What I Learned From Emily Dickinson
After great pain, a formal feeling comes –
Emily Dickinson is my favorite American poet. I read her poetry regularly. In addition I enjoy reading about her. She is such an intriguing personality.
Dickinson was not a syllabic poet. Her poetry is metrical; most of her poems revolve around three or four beats per line arranged in strong metrical forces. Her poetry, according to scholars, is resonant of American Hymnody which is also structured in this way.
Nevertheless, Dickinson approaches metrics in a way that often sets up a rhythm, and then counters it in a line or two that do not seem to have a definite metrical shape. This is one of the distinguishing features of her poetry. In some ways this treatment of meter resembles her treatment of rhyme where Dickinson freely mixes traditional, perfect, rhyme with slant rhyme, near rhyme, or distant rhyme.
My focus in syllabic poetry is primarily centered on fixed form syllabic verse. What I mean by ‘fixed form syllabic verse’ is poetry which has a determined number of lines with a determined number of syllables for those lines. This includes such forms as Cinquain, Syllabic Haiku, Lanterne, Tanka, Etheree, Fixed Form Quatrains, Fibonacci, Tetractys, etc. Dickinson did not write fixed form verse. In spite of this I have learned more from Dickinson on how to write fixed form verse than from any other American poet. The broad reason for this is that Dickinson wrote short form verse. That is to say her poems are brief; both in terms of the number of lines for her poems and in the line length. Most fixed form syllabic forms are also brief and because of this I believe that Dickinson has much to offer any syllabic poet who wants to learn how to write short form poetry in English. What follows are a few of the specific lessons I have learned.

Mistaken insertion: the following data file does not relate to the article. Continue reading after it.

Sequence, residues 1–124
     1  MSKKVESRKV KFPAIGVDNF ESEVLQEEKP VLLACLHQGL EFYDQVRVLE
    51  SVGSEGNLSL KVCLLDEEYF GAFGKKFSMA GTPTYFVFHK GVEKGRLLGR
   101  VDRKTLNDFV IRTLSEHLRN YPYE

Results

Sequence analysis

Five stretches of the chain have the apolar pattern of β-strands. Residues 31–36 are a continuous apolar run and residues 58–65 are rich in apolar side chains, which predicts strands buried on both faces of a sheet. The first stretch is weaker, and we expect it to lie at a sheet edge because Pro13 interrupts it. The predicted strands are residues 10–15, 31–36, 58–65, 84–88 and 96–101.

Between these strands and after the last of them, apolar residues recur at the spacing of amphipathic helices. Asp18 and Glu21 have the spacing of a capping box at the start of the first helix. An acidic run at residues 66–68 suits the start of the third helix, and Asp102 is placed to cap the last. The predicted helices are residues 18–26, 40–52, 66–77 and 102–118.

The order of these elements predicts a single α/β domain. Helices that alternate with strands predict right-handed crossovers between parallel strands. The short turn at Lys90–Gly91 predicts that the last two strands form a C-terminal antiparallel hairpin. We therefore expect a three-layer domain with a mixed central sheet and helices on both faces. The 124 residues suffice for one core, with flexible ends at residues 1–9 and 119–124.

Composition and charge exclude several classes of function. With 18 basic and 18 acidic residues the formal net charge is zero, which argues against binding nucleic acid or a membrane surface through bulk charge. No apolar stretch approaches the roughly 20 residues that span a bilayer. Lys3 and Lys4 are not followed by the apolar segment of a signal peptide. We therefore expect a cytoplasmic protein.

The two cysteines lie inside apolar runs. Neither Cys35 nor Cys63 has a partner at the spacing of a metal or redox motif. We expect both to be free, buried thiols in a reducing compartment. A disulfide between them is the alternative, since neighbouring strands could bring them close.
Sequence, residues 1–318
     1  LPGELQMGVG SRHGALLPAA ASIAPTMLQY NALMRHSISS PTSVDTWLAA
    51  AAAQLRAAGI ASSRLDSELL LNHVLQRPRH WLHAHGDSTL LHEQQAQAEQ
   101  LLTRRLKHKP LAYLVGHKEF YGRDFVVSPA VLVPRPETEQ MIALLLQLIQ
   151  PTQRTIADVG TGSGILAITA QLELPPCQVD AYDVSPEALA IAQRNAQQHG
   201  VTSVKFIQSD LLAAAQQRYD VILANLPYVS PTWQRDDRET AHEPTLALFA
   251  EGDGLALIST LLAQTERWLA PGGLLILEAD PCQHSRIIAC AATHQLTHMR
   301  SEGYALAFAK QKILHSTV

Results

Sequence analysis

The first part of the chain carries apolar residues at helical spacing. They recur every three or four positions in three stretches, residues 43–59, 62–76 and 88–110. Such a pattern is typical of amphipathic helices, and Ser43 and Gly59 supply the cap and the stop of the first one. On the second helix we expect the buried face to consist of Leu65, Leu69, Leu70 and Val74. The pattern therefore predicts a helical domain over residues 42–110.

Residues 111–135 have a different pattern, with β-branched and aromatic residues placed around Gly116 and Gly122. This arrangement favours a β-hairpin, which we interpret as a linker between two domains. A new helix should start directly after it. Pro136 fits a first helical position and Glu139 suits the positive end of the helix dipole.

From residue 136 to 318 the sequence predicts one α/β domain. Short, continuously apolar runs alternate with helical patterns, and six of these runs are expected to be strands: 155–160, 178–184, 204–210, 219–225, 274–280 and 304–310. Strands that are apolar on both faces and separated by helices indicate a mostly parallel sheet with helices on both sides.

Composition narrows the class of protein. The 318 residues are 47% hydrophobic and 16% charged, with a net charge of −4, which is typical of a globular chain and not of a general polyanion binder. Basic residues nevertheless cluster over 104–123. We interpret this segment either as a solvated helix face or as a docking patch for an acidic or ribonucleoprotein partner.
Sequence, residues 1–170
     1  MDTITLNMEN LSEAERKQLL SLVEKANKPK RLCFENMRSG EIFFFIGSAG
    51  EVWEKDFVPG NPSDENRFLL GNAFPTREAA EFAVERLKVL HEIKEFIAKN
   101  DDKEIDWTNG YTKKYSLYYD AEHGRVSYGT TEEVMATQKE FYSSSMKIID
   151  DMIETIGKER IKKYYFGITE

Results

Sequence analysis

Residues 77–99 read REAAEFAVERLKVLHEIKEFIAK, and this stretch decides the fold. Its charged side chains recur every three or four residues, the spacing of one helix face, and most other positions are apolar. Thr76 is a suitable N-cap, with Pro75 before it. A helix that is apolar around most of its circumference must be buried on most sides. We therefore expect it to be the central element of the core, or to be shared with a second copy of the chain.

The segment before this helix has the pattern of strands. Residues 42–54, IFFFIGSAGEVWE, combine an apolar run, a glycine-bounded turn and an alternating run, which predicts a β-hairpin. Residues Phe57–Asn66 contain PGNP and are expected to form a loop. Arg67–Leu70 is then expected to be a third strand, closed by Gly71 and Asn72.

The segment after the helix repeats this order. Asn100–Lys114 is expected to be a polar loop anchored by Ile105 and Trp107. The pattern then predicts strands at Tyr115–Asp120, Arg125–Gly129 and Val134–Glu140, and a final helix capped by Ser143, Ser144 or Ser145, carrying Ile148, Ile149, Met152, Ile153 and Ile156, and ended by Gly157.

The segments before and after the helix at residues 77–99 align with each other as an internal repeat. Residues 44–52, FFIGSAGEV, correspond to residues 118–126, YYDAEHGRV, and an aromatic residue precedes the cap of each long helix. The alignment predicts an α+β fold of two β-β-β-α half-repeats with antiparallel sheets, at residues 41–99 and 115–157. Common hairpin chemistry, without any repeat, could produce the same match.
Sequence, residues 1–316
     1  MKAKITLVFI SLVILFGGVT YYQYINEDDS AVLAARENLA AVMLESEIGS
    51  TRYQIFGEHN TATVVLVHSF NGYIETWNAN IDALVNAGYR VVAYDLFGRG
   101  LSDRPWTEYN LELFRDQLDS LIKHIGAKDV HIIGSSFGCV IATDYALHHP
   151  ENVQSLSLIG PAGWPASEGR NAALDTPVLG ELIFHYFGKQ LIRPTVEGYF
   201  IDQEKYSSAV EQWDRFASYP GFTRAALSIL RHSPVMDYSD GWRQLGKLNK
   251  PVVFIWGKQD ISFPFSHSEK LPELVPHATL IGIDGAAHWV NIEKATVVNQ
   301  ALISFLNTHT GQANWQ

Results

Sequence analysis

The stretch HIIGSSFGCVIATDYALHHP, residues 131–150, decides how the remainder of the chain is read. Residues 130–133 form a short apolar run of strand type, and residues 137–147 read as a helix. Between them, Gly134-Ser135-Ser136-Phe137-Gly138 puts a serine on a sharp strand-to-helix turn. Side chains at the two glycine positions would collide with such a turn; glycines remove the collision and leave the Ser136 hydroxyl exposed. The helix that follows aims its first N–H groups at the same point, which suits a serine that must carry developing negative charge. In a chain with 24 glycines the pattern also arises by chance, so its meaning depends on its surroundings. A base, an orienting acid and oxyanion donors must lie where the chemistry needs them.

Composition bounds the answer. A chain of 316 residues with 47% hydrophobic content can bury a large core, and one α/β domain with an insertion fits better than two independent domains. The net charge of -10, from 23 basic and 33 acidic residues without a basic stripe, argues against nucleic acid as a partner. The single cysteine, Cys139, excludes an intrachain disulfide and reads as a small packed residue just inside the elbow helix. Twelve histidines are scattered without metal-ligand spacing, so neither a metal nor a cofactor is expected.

The biggest lesson I have learned from Emily Dickinson is not to be afraid of rhyme in short form English verse. Dickinson loved rhyme. I doubt that there is a single poem of hers which does not include rhyme. Because of Dickinson I consciously started including rhyme in short form syllabics, including Haiku, Tanka, and that shortest of all, Lanterne, as well as others. Before studying Dickinson I had the idea, widely held, that in short form verse rhyme will make the poem sound like a nursery rhyme or a commercial. What Dickinson showed me is that rhyme can sound completely natural and when done well adds immensely to the beauty of the poem. Here is an example, the last verse of poem 372:
This is the Hour of Lead –
Remembered, if outlived,
As Freezing persons, recollect the Snow –
First – Chill – then Stupor – then the letting go –
One of the ways, I think, that Dickinson makes rhyme sound so effortless and natural is that she has a very broad understanding of what constitutes rhyme. She will use the perfect rhyme of ‘snow’ and ‘go’, but she will also use the slant rhyme of ‘of lead’ and ‘outlived’. By using them in the same four lines, and using them to define the lines, the garden of rhyme becomes more complex and a perfect rhyme like ‘snow’ and ‘go’ is seen in a broader landscape. This opening up of the garden of rhyme allows the short form to include rhyme without the short poem becoming sing-song or childish. Here’s another example, it is poem 210:
If I should’nt be alive
When the Robins come,
Give the one in Red Cravat,
A Memorial crumb –
If I could’nt thank you,
Being fast asleep,
You will know I’m trying
With my Granite lip!
In the first quatrain Dickinson rhymes ‘come’ and ‘crumb’; a perfect rhyme. In the second quatrain she rhymes ‘asleep’ and ‘lip’; a slant rhyme. Yet the reader or listener makes the connection. Again, Dickinson’s broad view of rhyme showed me how to include rhyme in short forms such as Haiku or Tetractys without the rhyme becoming mechanical or forced or childish. Dickinson is the great guide to English language rhyme in short forms and studying Dickinson convinced me that English language Haiku, Cinquain, Tanka, and other short forms, can benefit greatly from the inclusion of rhyme.
Dickinson loved punctuation. She is famous for it. Her poems are sprinkled with commas, dashes of various lengths, periods, exclamation points, the whole panoply of punctuation is used by her. What I discovered by studying Dickinson is that punctuation can be expressive and can add meaning to a poem. Before studying Dickinson I had adopted the contemporary view that eschews most punctuation and seeks to eliminate punctuation as much as possible. As one poet friend of mine put it, lineation is sufficient punctuation; meaning that line breaks are all a poet really needs. Dickinson showed me otherwise.